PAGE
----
Dunwoody students receive sportsmanship award for fourth year in a row.
While most don’t necessarily relish the idea of snowstorms and clearing driveways…there are some folks who do. And you’ll likely find them at the annual Autonomous Snowplow Competition.
Dunwoody Robotics & Manufacturing students have competed in the Institute of Navigation (ION’s) Autonomous Snowplow Competition, since its inauguration in 2011. Held during the St. Paul Winter Carnival, the event serves as an opportunity for universities, colleges, and the general public to showcase hand-built machines that can independently clear piles of snow without any manual control.
It’s one of the Robotics & Manufacturing student’s favorite and most successful competitions, and the teams have the record to prove it.
Last year, Dunwoody placed 3rd and 5th in the competition.
And this year, Dunwoody earned its highest place to date when Team Wendigo brought home 2nd place and a $4,000 prize.
Dunwoody’s Snow Devils Team closely followed with 5th place and a $700 prize.
But for Dunwoody students, the annual event is about more than just winning. It’s also about sharing their love and knowledge of technology with the judges and spectators—and even the competition itself.
Snowplow Competition about more than just winning
“All that knowledge and experience doesn’t count for much if you don’t find ways to use it,” Automated Systems & Robotics student and Wendigo Team member Jeremy Berg said.
“This event isn’t just about who can take first place—it’s about seeing different ideas for autonomous thinking in action,” Berg added. “These people are our future coworkers and friends, and we want to be the go-to people to lend a hand or solve any issue.”
That mentality has contributed to the College earning the sportsmanship award in 2013, 2015, 2016, 2017, and again this year, 2018.
Sportsmanship Award has meaningful history
Created by ION in 2012, the sportsmanship award honors the team that exhibited the best sportspersonship throughout the competition.
The award was renamed the Dr. Nattu Natarajan Golden Smile Award just a few years later after University of Michigan-Dearborn professor and competition leader Dr. Narasimhamurthi (Nattu) Natarajan, who passed away from a lung illness on the Saturday morning of the 2016 competition.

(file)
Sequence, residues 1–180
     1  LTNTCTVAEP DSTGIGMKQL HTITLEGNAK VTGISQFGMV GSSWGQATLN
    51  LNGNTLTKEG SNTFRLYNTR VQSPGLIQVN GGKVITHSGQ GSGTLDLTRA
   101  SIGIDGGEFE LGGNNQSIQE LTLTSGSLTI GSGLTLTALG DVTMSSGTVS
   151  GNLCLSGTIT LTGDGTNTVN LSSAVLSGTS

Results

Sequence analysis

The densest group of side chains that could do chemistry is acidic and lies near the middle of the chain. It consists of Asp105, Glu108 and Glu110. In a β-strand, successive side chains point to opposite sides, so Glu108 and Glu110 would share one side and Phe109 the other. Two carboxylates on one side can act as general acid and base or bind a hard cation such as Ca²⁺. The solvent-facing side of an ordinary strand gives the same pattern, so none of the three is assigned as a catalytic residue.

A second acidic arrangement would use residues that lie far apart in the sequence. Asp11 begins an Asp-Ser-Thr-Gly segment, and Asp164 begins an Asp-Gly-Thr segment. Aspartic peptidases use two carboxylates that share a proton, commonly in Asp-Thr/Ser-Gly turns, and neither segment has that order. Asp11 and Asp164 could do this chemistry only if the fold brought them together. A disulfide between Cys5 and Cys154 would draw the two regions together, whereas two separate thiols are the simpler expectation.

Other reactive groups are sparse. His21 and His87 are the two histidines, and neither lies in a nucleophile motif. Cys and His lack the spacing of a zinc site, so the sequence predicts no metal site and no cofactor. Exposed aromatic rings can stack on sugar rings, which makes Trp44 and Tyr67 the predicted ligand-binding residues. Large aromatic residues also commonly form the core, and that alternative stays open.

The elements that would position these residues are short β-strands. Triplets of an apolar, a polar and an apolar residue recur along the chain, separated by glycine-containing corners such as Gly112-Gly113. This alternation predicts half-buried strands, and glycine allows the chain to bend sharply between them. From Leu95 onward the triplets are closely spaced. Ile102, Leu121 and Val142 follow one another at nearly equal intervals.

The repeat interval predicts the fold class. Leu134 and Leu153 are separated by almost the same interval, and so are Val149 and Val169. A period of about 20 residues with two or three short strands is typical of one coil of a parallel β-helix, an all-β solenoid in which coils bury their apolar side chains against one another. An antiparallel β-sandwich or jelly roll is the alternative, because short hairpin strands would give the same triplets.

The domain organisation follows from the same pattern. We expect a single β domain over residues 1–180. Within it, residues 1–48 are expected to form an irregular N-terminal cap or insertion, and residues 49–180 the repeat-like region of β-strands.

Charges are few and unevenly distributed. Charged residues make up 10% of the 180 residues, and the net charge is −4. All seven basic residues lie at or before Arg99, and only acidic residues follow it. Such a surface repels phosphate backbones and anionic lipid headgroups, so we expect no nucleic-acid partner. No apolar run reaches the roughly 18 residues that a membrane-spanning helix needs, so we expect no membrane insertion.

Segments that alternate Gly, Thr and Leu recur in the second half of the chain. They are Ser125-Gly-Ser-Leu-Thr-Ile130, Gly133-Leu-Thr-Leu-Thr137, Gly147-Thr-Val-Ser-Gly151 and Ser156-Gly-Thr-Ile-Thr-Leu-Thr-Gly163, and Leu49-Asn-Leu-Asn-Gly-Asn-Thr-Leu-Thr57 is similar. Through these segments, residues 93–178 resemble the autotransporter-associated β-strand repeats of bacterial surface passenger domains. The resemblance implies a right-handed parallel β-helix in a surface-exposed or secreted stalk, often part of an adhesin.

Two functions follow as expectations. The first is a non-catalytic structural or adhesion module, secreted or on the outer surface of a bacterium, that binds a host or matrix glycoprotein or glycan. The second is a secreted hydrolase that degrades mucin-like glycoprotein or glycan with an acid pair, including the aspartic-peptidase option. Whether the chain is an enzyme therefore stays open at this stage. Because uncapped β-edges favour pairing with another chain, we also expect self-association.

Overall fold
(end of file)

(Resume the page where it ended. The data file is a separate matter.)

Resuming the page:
The award and its significance means a great deal to Dunwoody.
“I worked with Professor Natu at the competition those first few years,” Robotics & Manufacturing Dean E.J. Daigle said. “And he loved the Dunwoody students and teamwork.
“Many of these teams are traveling hundreds or even thousands of miles to compete. As a local team, it is easy for us to pack up extra tools and supplies to help teams make repairs to their vehicles.
“We have made it our mission each year to ensure that every team competes.”
And that’s exactly what they did.
The value of teamwork
Daigle shared that one of the reasons Dunwoody received the award this year is because his students were able to help out Case Western’s Sno-Joke robot, which had completely dead batteries on the last day of the competition.
With no safe or easy way to charge it at the event, the team thought they might be out of luck.
But by using personal jumper cables from Dunwoody students’ cars, “We were able to find a way to parallel their batteries with ours and maintain running the battery chargers at full capacity,” Daigle explained. “This allowed us to charge their machines and our machines at the same time.”
Thanks to the students’ quick thinking, the team, which had originally missed their scheduled run time, was able to compete at the end of the day Sunday—even beating out Dunwoody for fourth place.
The students helped another team in a similar scenario back in 2016.
Daigle recalls that at one point during that competition, a school announced they were going to quit due to technical difficulties when another team suggested they, “find Dunwoody–they can fix anything.”
“To me, that is far more valuable than whatever place you come in,” Daigle said. “I couldn’t be any prouder.”